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5 Questions I Ask Myself Before I Vacation While Depressed

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When I’m depressed, I often dream of running away to an exotic place in the hopes that it would help dissolve the hazy fog I find myself in.

Last November I found myself in the deepest, darkest of depressions. I actually attempted to take my life. I couldn’t shake the fog. It darkened everything I did. I had the chance to go to California and see Tony Robbins live, which is quite the experience. I still came home glum, depressed and blue.

So, I stayed this blue for another week and a half until my husband took me to Disney World. Now, I love Disney. All things Disney. And I’d never been there before, even though I’ve visited Disneyland a few times. You’d think this was enough to kick that depression’s ass, but no. I tried my hardest, my very hardest to enjoy the trip. And sometimes it worked. There were glimmers of my old self at times, but they didn’t last.

Going on vacation, even to those two amazing places, didn’t pull me out. So once I got home, I thought of some questions to help me decide when going on a vacation while depressed would be right for me, just for future reference. I want to share them with you.

1. What does my treatment team think?

For me, I didn’t make the decision to go lightly. I discussed it with my treatment team beforehand, and had they been absolutely opposed to me going, I would’ve missed my trips. So, I would recommend discussing a change of scenery with those who care about you before booking the next flight out. Making an informed decision is almost always the best course of action.

2. Where do I want to go?

If you’re normally a partier or a thrill-seeker, you might think New York City is the place to be. But if you’re not that person while depressed, NYC could potentially make you feel worse by reminding you at every corner that you don’t feel well. Also, a high-impact vacation may wear you out and leave you drained, much more so than a nice relaxing vacay by the beach would.

I know this because I was fighting this depression with everything I had in me. I knew I was super fortunate to be in these awesome places and that I shouldn’t feel depressed, but no matter what I did, I couldn’t stop it. In fact, I was beating myself up even more than if I’d been at home because who gets depressed at Disney World?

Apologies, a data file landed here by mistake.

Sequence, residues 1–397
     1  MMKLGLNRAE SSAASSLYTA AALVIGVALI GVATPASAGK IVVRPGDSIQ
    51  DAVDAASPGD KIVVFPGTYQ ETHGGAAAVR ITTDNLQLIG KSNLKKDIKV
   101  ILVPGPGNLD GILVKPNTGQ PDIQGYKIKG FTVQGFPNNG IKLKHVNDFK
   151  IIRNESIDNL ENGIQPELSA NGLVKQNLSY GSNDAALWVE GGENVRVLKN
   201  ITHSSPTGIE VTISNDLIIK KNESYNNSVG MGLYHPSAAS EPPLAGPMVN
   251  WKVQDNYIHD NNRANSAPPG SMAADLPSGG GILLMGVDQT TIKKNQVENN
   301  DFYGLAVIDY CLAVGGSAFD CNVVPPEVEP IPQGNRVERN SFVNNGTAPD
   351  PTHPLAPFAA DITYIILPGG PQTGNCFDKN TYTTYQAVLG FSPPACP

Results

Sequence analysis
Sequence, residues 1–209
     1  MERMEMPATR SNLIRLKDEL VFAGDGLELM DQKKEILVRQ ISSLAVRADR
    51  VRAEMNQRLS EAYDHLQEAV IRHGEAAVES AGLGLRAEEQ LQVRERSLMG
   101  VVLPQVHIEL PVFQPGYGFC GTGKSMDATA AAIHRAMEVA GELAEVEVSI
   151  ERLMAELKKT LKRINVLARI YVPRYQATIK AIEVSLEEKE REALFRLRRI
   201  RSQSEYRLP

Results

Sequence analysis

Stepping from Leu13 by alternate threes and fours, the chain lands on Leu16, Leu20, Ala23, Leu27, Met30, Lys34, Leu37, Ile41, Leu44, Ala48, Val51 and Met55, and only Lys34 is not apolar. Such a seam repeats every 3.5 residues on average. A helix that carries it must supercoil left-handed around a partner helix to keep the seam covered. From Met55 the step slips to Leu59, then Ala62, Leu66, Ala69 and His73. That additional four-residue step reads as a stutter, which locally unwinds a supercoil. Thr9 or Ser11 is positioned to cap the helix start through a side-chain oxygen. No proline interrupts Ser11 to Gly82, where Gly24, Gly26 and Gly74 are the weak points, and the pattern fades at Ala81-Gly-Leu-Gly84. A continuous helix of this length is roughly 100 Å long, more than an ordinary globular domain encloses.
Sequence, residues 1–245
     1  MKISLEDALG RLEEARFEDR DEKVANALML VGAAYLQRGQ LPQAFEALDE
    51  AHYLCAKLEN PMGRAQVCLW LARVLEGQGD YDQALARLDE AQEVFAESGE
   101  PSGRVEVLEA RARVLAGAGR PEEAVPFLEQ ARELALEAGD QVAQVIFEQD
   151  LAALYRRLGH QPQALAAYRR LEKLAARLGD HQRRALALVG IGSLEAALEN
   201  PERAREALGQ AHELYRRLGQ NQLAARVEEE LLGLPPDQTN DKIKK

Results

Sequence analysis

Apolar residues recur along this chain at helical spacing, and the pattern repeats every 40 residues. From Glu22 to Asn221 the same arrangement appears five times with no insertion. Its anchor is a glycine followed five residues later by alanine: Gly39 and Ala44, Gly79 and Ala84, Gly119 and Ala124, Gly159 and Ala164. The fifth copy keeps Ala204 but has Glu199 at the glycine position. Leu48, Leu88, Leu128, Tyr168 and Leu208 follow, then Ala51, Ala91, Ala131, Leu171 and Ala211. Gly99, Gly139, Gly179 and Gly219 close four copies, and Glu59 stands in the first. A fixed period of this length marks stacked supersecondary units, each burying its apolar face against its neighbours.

Now, I didn’t take a vacation to Jamaica or Hawaii or another relaxing sandy beach. I can’t speak for what vacations to places like that would be like. I imagine that depression is depression is depression, as in, you’ll be depressed no matter where you rest your head at night. I could be wrong though. Maybe it’s worth going on that trip even if you’re feeling blue.

3. What’s the end game I’m trying accomplish by going on vacation?

Am I trying to “snap out of it” by being somewhere new, or am I going simply because I think it’d be a nice change of scenery?

Your mindset as to why you’re going matters. If you’ve got pie in the sky hopes of magically feeling better just because of where you are, you’re probably setting yourself up for disappointment.

4. Are the travel plans flexible or stringent?

Do you have to go the week of the 3rd, or can you play around with the dates, just in case your depression is worst around then? Try not to pin yourself into a corner if possible.

I know for me, I’d have much rather preferred to change my dates because it wasn’t a game-changer in my depression. I recognize I had no control over the timing of my Tony Robbins trip and had to go to that happy or sad, but I wish I could’ve waited on my Disney trip. The colors would’ve been brighter, the experiences more memorable,  and I would’ve been better company all around.

5. What’s going to be different once I get home?

Are you going right back to work full-time, or are you easing into it? Will you immediately be overwhelmed with household responsibilities, or can some of it take the back burner? What I’m saying here is that if going on vacation is going to ultimately lead to more stress when you get back, it might not be the best time to go, especially if you’re in the deep dark pit of despair like I was.

I don’t know if these two vacations helped me stay stable or not. I was so depressed I wasn’t looking forward to anything. Maybe if there’s something you’re really looking forward to, it would make a difference, but that wasn’t the case for me. I appreciate the fact that I had a chance to put my coping skills into practice and show I could practice self-care under challenging circumstances (such as being away from family and no one to hold me accountable). I didn’t give into the depression. I still forced myself to get up and go each day, even when it felt overwhelmingly impossible. I don’t know if I would have been able to keep fighting against it like that had I been home. So there is one positive, at least.

All in all, vacationing while depressed is a personal matter and unique to each person. Traveling can be fun, but you always want to be in the best possible health to go.

If you or someone you know needs help, visit our suicide prevention resources page. 

If you need support right now, call the Suicide Prevention Lifeline at 1-800-273-8255

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Thinkstock photo by NAOFUMI KUROKI/amanaimagesRF

Originally published: March 7, 2017
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